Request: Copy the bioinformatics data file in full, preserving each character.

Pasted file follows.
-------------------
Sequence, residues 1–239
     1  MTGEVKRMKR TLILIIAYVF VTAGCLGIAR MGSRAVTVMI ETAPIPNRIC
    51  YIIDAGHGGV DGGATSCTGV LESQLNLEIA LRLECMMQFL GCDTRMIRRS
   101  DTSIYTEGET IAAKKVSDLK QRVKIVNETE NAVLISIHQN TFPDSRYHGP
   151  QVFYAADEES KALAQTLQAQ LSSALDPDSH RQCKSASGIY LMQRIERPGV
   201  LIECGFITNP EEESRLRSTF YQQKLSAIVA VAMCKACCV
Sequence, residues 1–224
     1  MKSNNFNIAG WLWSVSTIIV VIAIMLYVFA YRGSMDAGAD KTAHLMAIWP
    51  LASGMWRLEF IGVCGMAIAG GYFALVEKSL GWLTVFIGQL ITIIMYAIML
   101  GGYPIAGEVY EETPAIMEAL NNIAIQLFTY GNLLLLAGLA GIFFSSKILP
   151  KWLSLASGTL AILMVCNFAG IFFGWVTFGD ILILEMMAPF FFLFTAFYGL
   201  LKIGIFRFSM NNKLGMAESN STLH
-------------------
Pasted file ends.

Sequence, residues 1–239
     1  MTGEVKRMKR TLILIIAYVF VTAGCLGIAR MGSRAVTVMI ETAPIPNRIC
    51  YIIDAGHGGV DGGATSCTGV LESQLNLEIA LRLECMMQFL GCDTRMIRRS
   101  DTSIYTEGET IAAKKVSDLK QRVKIVNETE NAVLISIHQN TFPDSRYHGP
   151  QVFYAADEES KALAQTLQAQ LSSALDPDSH RQCKSASGIY LMQRIERPGV
   201  LIECGFITNP EEESRLRSTF YQQKLSAIVA VAMCKACCV
Sequence, residues 1–224
     1  MKSNNFNIAG WLWSVSTIIV VIAIMLYVFA YRGSMDAGAD KTAHLMAIWP
    51  LASGMWRLEF IGVCGMAIAG GYFALVEKSL GWLTVFIGQL ITIIMYAIML
   101  GGYPIAGEVY EETPAIMEAL NNIAIQLFTY GNLLLLAGLA GIFFSSKILP
   151  KWLSLASGTL AILMVCNFAG IFFGWVTFGD ILILEMMAPF FFLFTAFYGL
   201  LKIGIFRFSM NNKLGMAESN STLH